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A round up of 10 performances from the great Brazilian singer/guitarist.
It was no accident that Brazilian singer and composer Gal Costa was born to enrapture audiences around the world. Her mother played classical music while pregnant in hopes that her unborn child would share in her love of music. Costa’s musical spirit transcended mere appreciation, though; she composed, sang and served as a muse for transformative figures in Brazlian popular music including Tom Ze, Caetano Veloso, and Antonio Carlos Jobim.
She entered the music business properly in the mid-‘60s, right after a successful military coup backed by the United States upended Brazilian politics. The act spurred a revolutionary mindset among the youth, one that mirrored the “hippie” zeitgeist throughout the world at the time. Art communities in the country started to coalesce around the musical and art movement known as Tropicalia. It was in this cultural landscape that Costa would find her voice.
The tonality of Costa’s vocals is distinct and pitch perfect, but what sets her apart is her performances. Her stage presence is as ferocious as it is effortlessly alluring, and these 10 videos show the mesmerizing hold Costa has on audiences even still, some 50 years later.
Divino maravilhoso (1968)
This video is from the peak of the Tropicalia movement, and took place just before Gilberto Gil and Caetano Veloso were exiled by the government. Their forced removal marked the end of the movement, and watching the video it’s no wonder the government was threatened by the free loving youth.
The Archaic Lonely Star Blues (1970)
This song speaks directly to the heart of Tropicalia. Even though at this point the movement was waning, artists like Costa still incorporated the flavor and mood in their music.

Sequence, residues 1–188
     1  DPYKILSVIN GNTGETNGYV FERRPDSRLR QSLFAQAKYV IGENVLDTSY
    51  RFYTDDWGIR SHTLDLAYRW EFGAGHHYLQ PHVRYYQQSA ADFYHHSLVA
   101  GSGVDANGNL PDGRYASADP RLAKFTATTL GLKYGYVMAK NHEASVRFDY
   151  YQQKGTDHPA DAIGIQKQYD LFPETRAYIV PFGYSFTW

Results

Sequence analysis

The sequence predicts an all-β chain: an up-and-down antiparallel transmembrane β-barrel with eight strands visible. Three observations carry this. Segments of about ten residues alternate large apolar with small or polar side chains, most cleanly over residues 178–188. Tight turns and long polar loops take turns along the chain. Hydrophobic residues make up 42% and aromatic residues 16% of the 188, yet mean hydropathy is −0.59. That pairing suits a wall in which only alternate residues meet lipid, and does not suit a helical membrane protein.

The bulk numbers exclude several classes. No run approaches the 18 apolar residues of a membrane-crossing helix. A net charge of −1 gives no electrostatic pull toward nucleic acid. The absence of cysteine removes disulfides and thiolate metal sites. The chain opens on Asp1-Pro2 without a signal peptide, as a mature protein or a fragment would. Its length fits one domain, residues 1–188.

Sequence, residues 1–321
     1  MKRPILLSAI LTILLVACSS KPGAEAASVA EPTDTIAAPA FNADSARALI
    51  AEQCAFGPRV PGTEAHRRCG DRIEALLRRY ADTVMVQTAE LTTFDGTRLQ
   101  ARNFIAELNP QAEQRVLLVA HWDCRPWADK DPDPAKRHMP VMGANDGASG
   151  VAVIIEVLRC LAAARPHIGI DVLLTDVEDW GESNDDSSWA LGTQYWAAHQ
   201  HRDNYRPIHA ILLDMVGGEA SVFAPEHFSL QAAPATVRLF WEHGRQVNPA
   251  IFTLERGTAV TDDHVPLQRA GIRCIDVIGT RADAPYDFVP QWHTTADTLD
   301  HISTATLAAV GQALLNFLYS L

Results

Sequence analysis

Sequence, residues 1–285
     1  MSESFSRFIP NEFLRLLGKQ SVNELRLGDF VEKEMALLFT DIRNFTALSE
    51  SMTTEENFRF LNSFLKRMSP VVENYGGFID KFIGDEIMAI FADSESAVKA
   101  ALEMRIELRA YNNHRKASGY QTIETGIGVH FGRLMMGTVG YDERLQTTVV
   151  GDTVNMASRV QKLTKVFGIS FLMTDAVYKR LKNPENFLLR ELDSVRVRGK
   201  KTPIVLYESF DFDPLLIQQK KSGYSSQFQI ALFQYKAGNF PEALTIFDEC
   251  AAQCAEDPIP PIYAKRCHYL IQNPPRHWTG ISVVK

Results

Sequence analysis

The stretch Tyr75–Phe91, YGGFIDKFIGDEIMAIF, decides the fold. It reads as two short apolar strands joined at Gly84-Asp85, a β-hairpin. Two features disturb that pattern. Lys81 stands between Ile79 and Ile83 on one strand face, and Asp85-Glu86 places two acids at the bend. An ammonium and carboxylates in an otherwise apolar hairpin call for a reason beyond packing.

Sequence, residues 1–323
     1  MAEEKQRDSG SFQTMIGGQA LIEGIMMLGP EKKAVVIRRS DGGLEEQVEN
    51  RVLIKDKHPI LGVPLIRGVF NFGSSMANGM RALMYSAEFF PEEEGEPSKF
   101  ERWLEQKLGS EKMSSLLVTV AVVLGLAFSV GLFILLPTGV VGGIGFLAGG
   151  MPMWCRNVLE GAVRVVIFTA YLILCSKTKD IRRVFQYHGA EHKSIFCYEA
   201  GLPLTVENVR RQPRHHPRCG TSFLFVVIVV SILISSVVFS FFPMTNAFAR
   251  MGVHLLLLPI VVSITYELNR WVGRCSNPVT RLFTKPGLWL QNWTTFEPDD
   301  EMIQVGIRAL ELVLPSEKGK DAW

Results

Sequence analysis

Costa is incredibly vulnerable on stage, and that tenderness is carried into her voice. In this duet with MPB star Djvan, they intertwine their melodies in a way that’s incredibly heartening.
“Baby” was Costa’s first of many nationwide hits, and this Os Mutantes cover was actually a song written by her close friend Veloso. This live television performance is emblematic of how effortlessly she could embody the full emotion of a song.
Da maior importância (1970)
Costa’s roots are in bossa nova, and this stripped-down psychedelic take is lovely. This is a motif that she repeats often: evening gown, flower in her hair and seated on in a humble stool with her voice full of saudade.
Mae Da Manha (1994)
The intensity of her stage presence is fully at the forefront here. Costa is fiercely unaccommodating to those who have tried to censor the female form. Topless and in complete command of the stage, this performance, fused with jazz, elements is powerful.
A 1973 performance that tenderly and beautifully encapsulates her siren-like voice and emotional candor, Costa somehow masters both minimalist and maximalist approaches.
Oracao Mae Menininha (1973)
This clip opens with an interview with Costa in a public park, and presents a snapshot of how effortlessly cool and charming she is. Once she starts singing, she mostly stays kneeling on the floor in a performance that’s brilliantly theatrical.
Here Costa sings alongside Antonio Carlos Jobim, someone who she was a fan of long before they ever started working together. This beautiful operatic environment shows a side of Costa not anywhere else on this list
Though Costa weaves in and out of psychedelic motifs, this performance is perhaps the most absurd on the list. It’s hard not to love such a outlandish cast of characters —and Costa in a costume that looks close to what she wears on the cover of her iconic Índia album, which was originally censored for it’s provocative photo.